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Star Trek: Deep Space Nine – Shadowplay (Review)

Star Trek: Deep Space Nine is twenty years old this year. To celebrate, I’m taking a look at the first and second seasons. Check back daily for the latest review or retrospective.

Shadowplay is a great example of the kinds of things that Star Trek: Deep Space Nine is beginning to do very well. While the main plot works very well (so well, in fact that Star Trek: Enterprise would borrow it – and Rene Auberjones – for their first season episode Oasis), it’s remarkable how much of Shadowplay is given over to the two character-development subplots unfolding back on the station. Indeed, Dax and Odo have effectively solved the mystery of the missing villagers by about two-thirds of the way into the episode.

The character-development stuff in Shadowplay is interesting because the two subplots are not written with resolutions in mind. Indeed, they don’t even kick off the respective character arcs. Kira and Bariel have been waiting to become a couple since The Siege at the latest. The last episode, Paradise hinted that Jake might not be cut out to be a Starfleet officer.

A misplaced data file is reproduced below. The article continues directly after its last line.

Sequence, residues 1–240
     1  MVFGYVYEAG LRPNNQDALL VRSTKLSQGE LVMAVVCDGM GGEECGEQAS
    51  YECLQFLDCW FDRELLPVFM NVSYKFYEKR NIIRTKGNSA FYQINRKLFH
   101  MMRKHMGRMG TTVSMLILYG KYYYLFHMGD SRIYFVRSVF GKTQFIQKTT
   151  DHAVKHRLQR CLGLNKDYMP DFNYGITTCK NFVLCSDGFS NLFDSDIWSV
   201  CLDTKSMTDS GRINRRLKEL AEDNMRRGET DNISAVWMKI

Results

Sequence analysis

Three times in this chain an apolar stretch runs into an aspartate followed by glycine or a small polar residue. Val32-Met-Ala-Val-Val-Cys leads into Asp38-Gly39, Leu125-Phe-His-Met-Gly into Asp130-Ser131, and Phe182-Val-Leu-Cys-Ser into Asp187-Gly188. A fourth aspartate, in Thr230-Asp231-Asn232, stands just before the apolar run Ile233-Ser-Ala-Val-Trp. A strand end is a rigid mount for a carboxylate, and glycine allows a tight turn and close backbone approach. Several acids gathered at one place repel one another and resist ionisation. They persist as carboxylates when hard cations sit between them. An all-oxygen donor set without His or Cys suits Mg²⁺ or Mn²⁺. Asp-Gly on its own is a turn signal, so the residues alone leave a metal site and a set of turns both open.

In short, what is interesting about Shadowplay is the fact that it’s really just demonstrating that the show has reached the point where it is doing the things that it does relatively well. Deep Space Nine has found its groove, that point in a show’s history when it seems like it’s relatively easy to produce an hour of television of reasonable quality.

A holo crowd...

A holo crowd…

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Non-Review Review: The Tempest

This film was seen as part of the Jameson Dublin International Film Festival.

I have to admit that I have a soft spot for Julie Taymor’s Titus. It was a punk rock adaptation of perhaps Shakespeare’s trashiest play, and it was a fusion which just worked. The Tempest, on the other hand, is a very different beast. Far from being one of the Bard’s more easily forgotten plays, it has been one of his most highly regarded since its revival in the nineteenth century. It is, despite some outward cynicism, a far more optimistic and (dare I say it?) lighter piece than the orgy of death and destruction in Titus Andronicus. So Taymor’s skills aren’t quite as perfectly in step as they might be. That said, she’s still a remarkable director with a keen visual sense, and the movie manages to be engaging and entertaining, despite a few missteps.

It's a kinda magic...

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